You use `newArray`

, which has the type `ST s (STArray s (Int, Int) Int)`

. However, you use it in the body of the `main`

function, which means that everything you `do`

must have an `IO`

type. `ST`

is not `IO`

, so the types cannot match.

You should first move the `newArray`

into a context where you have access to the `ST`

monad. This context is of course available in the body of `runSTArray`

, so change the body to:

```
runSTArray $ do
arr <- newArray ((0,0), (5,5)) 0 :: ST s (STArray s (Int, Int) Int)
par (writeArray arr (1,1) 17) (writeArray arr (2,2) 23)
return arr
```

Then, you need to rethink how `par`

behaves. `par`

is for creating parallel *pure* computations, and cannot be used for monadic actions; monads cannot generally be parallelized at all. In particular, the `ST`

monad doesn't even offer any alternatives for parallel computations; since parallel writes to an array can lead to race conditions (what happens if you overwrite the same cell? Which write will count, and which one won't?), it is unsafe to allow parallelism here. You must change the array in sequence:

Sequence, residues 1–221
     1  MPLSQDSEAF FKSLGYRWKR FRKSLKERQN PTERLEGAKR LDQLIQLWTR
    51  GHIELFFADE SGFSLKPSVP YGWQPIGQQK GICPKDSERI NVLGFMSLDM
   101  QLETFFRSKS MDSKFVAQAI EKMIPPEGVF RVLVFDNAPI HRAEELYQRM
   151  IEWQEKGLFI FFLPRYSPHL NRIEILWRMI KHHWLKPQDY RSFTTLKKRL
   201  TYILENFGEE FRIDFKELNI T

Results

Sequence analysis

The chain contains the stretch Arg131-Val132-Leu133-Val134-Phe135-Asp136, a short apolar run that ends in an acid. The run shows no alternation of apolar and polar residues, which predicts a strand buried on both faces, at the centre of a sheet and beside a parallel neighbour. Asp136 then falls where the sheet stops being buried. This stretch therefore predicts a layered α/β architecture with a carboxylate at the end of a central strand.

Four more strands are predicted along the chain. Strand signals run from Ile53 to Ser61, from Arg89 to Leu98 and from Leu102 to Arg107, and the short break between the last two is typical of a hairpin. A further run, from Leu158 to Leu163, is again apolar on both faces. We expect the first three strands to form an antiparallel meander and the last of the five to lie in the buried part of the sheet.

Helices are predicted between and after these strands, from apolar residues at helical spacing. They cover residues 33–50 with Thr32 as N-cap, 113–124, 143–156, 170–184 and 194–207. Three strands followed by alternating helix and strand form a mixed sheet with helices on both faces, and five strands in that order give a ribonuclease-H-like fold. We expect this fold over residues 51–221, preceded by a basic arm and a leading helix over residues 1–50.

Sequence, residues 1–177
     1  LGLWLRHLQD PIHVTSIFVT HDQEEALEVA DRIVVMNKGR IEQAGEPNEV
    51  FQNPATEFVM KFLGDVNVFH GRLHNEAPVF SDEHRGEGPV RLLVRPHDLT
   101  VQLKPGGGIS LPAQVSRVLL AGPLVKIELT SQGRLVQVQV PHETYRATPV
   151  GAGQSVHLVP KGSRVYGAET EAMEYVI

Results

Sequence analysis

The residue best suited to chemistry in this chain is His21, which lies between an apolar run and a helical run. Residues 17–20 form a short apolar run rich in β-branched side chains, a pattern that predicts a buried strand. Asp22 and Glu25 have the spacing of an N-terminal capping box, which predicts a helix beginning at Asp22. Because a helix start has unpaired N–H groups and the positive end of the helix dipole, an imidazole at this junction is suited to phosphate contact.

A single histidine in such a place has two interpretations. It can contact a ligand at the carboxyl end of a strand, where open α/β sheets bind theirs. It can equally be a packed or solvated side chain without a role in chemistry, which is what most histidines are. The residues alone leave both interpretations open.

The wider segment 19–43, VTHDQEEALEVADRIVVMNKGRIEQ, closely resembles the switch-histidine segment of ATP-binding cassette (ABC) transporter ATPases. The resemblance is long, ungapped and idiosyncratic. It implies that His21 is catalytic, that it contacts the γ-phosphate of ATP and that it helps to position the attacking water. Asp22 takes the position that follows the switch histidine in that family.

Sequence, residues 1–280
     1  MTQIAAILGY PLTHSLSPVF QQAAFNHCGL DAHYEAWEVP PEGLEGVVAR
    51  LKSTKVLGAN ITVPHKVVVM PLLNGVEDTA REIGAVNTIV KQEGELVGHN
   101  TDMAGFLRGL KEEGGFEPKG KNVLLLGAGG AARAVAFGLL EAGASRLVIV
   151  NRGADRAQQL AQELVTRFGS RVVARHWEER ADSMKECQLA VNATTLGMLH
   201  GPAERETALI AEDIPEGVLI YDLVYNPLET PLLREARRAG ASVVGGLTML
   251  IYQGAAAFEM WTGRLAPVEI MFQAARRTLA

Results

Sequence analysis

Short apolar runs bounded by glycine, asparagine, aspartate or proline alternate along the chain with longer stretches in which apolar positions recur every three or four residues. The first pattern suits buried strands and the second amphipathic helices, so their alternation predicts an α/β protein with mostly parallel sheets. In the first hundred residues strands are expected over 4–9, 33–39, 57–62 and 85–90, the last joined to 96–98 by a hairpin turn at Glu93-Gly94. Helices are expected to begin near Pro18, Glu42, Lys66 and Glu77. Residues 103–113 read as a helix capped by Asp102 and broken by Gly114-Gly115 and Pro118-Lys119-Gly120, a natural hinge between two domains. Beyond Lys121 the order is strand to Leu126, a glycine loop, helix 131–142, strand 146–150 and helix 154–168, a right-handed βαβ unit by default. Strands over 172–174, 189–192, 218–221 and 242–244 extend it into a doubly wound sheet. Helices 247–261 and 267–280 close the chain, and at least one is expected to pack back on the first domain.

```
runSTArray $ do
arr <- newArray ((0,0), (5,5)) 0 :: ST s (STArray s (Int, Int) Int)
writeArray arr (1,1) 17
writeArray arr (2,2) 23
return arr
```

However, the writes aren't expensive; it's the calculations of the values that might be expensive. Suppose that you want to calculate `17`

and `23`

on the fly; you can then do the following:

```
let a = someLongCalculation 12534
b = a `par` (someLongCalculation 24889)
writeArray arr (1, 1) a
writeArray arr (2, 2) b
```

Finally, you must realize that `runSTArray`

returns the result array, so you must store it like this:

```
import Control.Monad
import Control.Monad.ST
import Control.Parallel
import Data.Array.ST
main =
let pureArr =
runSTArray $ do
arr <- newArray ((0,0), (5,5)) 0 :: ST s (STArray s (Int, Int) Int)
writeArray arr (1,1) 17
writeArray arr (2,2) 23
return arr
in print pureArr
```

I don't think that `STArray`

s are the correct solution here. You should use a more powerful array library like `repa`

in situations where you need parallel symmetrical array computations.